- The acquisition of Voxpro by Telus International for estimated €150 million;
- The acquisition of Inver Energy by Greenergy International;
- the acquisition of the Carechoice group by InfraVia European Fund III for approximately €70 million;
- Fortuna Entertainment Group's acquisition of Hattrick Sports Group from Presidio Group for an undisclosed sum;
- CIP Capital's acquisition of The MoneyMate Group.
2.2 What have been the most significant trends or factors impacting deal structures?
In private M&A deals, share sales remain the most common structure, especially in light of recent changes to the stamp duty regime (detailed below), while cash is the most common consideration. Deferred consideration remains a common feature of Irish private M&A deals, in particular for high growth companies.
Price adjustment mechanisms are almost invariably used, with no strong trend towards either completion accounts or locked box mechanisms, both of which are commonly used.
In public transactions, the scheme of arrangement remains the favoured transaction structure as purchasers may acquire 100% of the shares in the target on completion, including from minority shareholders. Schemes of arrangement were used in the Fyffes/Sumitomo, Nexvet/Zoetis and the Fleetmatics/Verizon transactions.
SECTION 3: Legislation and policy changes
3.1 Describe the key legislation and regulatory bodies that govern M&A activity in your jurisdiction.
The primary laws and regulations that govern M&A transactions include:
- The Irish Takeover Panel Act 1997 (the Act), the Irish Takeover Panel Act 1997 Takeover Rules 2013 (the Irish Takeover Rules), the Substantial Acquisition Rules (Sars) and the European Communities (Takeover Bids) Regulations (the Regulations), together regulate the M&A activity relating to certain public companies. The provisions of the Act, Rules and Regulations are enforced by the Irish Takeover Panel (the Panel), which is established under the Act;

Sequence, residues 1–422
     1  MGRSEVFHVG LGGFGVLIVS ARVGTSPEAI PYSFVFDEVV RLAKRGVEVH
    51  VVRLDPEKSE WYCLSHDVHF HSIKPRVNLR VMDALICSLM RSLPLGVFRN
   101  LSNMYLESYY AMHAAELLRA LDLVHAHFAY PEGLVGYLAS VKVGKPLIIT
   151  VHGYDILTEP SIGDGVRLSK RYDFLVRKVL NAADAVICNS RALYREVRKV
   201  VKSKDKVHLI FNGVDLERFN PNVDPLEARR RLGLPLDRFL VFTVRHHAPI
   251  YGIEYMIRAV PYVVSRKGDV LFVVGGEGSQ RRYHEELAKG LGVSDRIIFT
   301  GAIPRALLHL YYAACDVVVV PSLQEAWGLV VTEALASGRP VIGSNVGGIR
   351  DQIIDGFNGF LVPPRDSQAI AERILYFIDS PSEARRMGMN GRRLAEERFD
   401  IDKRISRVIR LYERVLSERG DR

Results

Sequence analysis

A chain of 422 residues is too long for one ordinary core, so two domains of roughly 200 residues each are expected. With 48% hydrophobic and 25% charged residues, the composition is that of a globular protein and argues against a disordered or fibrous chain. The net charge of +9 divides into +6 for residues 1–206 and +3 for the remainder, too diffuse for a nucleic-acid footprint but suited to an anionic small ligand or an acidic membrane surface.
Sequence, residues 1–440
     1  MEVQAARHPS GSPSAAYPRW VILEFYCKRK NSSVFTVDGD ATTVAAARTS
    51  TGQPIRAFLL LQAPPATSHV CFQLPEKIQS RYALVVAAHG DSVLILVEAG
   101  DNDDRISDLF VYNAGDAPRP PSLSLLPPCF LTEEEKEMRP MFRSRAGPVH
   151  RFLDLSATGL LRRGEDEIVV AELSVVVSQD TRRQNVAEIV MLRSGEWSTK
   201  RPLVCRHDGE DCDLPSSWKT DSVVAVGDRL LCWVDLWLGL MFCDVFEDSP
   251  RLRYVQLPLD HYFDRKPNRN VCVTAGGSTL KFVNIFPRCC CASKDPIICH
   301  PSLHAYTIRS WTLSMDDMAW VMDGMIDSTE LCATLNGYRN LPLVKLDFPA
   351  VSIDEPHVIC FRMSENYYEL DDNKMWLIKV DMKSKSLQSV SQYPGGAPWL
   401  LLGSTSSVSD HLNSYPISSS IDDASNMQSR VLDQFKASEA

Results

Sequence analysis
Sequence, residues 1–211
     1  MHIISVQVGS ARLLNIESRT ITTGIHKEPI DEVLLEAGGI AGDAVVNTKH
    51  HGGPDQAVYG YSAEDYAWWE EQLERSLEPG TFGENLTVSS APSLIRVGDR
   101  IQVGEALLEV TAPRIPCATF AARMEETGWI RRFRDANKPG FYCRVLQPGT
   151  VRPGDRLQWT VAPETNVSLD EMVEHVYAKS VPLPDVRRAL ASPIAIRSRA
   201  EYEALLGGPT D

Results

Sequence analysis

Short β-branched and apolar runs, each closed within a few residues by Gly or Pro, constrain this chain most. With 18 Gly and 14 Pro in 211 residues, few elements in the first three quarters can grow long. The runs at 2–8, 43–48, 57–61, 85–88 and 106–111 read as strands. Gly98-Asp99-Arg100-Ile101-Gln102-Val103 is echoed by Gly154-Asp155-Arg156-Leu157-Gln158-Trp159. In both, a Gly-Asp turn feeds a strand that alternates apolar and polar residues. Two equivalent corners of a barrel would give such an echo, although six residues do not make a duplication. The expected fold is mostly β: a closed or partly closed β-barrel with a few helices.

- The Companies Act 2014 governs various aspects of both private and public M&A activity;
- The Competition Acts 2002 to 2014 require certain M&A transactions to be reported to the Competition and Consumer Protection Commission for approval;
- Market Abuse Regulation (EU 596/2014) (MAR) and the Market Abuse Directive (Directive 2014/57/EU) (CSMAD) implemented in Ireland through European Union (Market Abuse) Regulations 2016 (S.I. 349 of 2016) imposes obligations on companies whose security is listed on regulated markets;
- The Irish Listing Rules or ESM Rules apply if the company is listed on the Irish Stock Exchange.
|NB: Values may exclude certain transactions, for example asset acquisitions/sales|
3.2 Have there been any recent changes to regulations or regulators that may impact M&A transactions or activity and what impact do you expect them to have?
From October 2017, the rate of stamp duty on business and asset sales has increased from 2% to 6%. Stamp duty on the transfer of shares in Irish companies remains at 1% except for transfers of shares in companies listed on the Irish Enterprise Securities Market (ESM) (equivalent to the AIM market) and Irish companies that are listed in the US whose shares are traded through the Depository Trust Company (DTC) which in each case are in general exempt from stamp duty.
Therefore, share purchase structures will continue to be the most common structures for M&A deals and business and asset sales will need to be carefully structured.
3.3 Are there any rules, legislation or policy frameworks under discussion that may impact M&A in your jurisdiction in the near future?
The Companies (Statutory Audits) Bill was introduced to the Irish Parliament by the Minister for Business, Enterprise and Innovation on January 23 2018. When enacted, it is expected that the facility for certain existing Irish incorporated but US listed companies to use US GAAP for financial reporting requirements in Ireland (in lieu of IFRS or Irish GAAP) will be extended for a further 10 years from the current deadline of end 2020.
BEPS and the EU Commission's Anti-Tax Avoidance Package may have a material impact on M&A activity across Ireland and the EU.
Brexit and the ongoing negotiation of the UK withdrawal from the EU is likely to impact M&A (positively from an Irish perspective in our view), however until greater clarity is brought to the specific details of the UK exit, it is difficult to be definitive on the impact. Similarly, it is too early to assess the impact of recent US tax reforms on the Irish M&A market.
SECTION 4: Market idiosyncrasies
4.1 Please describe any common mistakes or misconceptions that exist about the M&A market in your jurisdiction.